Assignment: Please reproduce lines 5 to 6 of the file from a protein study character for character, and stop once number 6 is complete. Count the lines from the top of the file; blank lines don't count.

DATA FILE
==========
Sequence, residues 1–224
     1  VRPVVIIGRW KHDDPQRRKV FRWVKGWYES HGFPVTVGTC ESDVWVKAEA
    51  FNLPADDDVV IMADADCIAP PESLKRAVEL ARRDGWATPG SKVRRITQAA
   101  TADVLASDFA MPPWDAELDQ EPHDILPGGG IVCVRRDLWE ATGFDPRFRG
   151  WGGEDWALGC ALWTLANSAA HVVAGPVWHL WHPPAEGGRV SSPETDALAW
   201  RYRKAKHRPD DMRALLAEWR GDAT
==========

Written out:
   151  WGGEDWALGC ALWTLANSAA HVVAGPVWHL WHPPAEGGRV SSPETDALAW
   201  RYRKAKHRPD DMRALLAEWR GDAT